Texas Tech Tornado Expert Comments on Rare Twin Twisters

Chris Weiss researches the process by which tornadoes form.

Oklahoma 2012

Weiss observed similar phenomenon near Cherokee, Oklahoma. (April 14, 2012)
Click to enlarge.

Rescuers are sifting through the rubble of a northeast Nebraska town Tuesday, searching for victims trapped after a deadly pair of tornadoes touched down there Monday.

Christopher Weiss, associate professor of atmospheric science at Texas Tech University, can speak to the current scientific understanding regarding why tornadoes form and intensify, and how the structure of the tornado relates to the observed damage seen on the ground.



  • “That was quite an event. I think this is a great demonstration of what we refer to as cyclic tornadogenesis (process by which a tornado forms).”
  • “While this cycling process is fairly common in supercell storms, having two robust tornadoes occurring simultaneously (under these conditions) is fairly rare.”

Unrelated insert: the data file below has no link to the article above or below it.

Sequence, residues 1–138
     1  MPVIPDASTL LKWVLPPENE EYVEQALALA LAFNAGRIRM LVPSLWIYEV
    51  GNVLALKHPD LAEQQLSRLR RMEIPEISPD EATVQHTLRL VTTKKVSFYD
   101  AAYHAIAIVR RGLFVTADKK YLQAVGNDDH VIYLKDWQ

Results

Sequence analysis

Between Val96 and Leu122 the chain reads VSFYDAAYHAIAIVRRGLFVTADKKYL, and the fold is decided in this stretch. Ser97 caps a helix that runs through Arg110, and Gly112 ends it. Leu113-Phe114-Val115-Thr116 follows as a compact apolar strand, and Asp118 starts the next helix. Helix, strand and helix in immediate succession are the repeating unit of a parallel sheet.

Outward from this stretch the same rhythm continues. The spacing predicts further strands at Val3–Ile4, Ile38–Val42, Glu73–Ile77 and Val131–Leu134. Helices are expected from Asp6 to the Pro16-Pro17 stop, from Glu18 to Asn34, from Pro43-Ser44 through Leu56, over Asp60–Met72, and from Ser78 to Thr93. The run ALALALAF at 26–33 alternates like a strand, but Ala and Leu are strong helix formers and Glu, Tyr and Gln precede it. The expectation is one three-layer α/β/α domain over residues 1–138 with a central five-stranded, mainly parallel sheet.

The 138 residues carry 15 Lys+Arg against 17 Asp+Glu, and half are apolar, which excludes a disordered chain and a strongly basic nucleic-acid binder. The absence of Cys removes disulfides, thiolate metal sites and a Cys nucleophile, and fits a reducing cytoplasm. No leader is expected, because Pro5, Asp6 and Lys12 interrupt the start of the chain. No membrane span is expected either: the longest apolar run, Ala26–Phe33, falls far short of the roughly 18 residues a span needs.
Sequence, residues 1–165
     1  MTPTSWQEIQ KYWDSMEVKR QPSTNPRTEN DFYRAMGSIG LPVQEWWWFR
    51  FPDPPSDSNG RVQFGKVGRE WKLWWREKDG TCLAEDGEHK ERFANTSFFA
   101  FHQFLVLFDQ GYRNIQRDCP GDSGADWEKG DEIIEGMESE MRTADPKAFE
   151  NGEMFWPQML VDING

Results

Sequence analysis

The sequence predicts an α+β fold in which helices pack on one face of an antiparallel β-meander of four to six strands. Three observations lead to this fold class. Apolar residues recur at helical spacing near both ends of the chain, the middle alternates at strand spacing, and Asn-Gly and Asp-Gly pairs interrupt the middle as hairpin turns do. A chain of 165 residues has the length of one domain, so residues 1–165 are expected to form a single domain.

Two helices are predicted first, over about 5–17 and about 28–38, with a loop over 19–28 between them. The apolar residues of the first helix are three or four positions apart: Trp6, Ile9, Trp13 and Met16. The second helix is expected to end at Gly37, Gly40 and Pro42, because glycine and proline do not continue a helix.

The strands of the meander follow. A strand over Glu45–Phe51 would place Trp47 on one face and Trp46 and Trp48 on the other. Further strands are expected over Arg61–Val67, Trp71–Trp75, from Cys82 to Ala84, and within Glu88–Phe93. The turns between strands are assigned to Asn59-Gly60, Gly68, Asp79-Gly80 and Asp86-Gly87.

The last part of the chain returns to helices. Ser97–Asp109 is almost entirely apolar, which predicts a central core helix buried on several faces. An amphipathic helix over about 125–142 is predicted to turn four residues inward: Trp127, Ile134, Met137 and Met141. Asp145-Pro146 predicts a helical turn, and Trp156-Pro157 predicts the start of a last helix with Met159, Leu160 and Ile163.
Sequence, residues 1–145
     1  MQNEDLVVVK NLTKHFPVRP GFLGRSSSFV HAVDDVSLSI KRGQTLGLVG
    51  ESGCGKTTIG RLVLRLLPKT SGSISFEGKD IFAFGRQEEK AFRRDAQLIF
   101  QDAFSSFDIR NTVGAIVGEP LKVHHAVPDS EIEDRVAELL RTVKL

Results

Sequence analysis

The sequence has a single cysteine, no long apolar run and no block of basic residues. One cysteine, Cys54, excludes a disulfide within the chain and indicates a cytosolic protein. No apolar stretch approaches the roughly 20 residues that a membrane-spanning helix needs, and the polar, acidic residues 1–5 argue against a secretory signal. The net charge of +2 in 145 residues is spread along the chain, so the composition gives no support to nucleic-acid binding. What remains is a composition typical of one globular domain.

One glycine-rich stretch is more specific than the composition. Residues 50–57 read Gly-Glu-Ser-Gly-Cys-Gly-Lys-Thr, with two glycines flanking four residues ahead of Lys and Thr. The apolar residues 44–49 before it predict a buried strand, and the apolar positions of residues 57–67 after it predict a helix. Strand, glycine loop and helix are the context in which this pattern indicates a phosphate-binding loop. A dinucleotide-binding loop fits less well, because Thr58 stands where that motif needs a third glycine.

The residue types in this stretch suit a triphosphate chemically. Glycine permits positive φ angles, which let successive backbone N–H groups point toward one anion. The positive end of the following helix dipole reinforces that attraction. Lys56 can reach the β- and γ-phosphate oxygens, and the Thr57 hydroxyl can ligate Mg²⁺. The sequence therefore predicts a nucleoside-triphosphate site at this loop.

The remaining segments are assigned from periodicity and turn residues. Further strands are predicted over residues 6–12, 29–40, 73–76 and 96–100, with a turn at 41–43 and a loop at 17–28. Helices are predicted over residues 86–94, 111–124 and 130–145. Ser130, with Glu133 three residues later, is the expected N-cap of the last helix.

• “I observed a similar phenomenon on April 14, 2012, with the Texas Tech field crew near Cherokee, Oklahoma.”
  • “You may have heard of the term ‘tornado family’ before, which describes a sequence of multiple cyclic updrafts that form from the same parent supercell thunderstorm over a long track. Some believe the ‘Tri-state tornado’ of 1925 may have indeed been such a family.”


Chris Weiss, associate professor of atmospheric science, Department of Geosciences, Texas Tech University, (806) 834-4712 or chris.weiss@ttu.edu.

Oklahoma 2012

Radar images from Oklahoma tornadoes. (April 14, 2012)
Click to enlarge.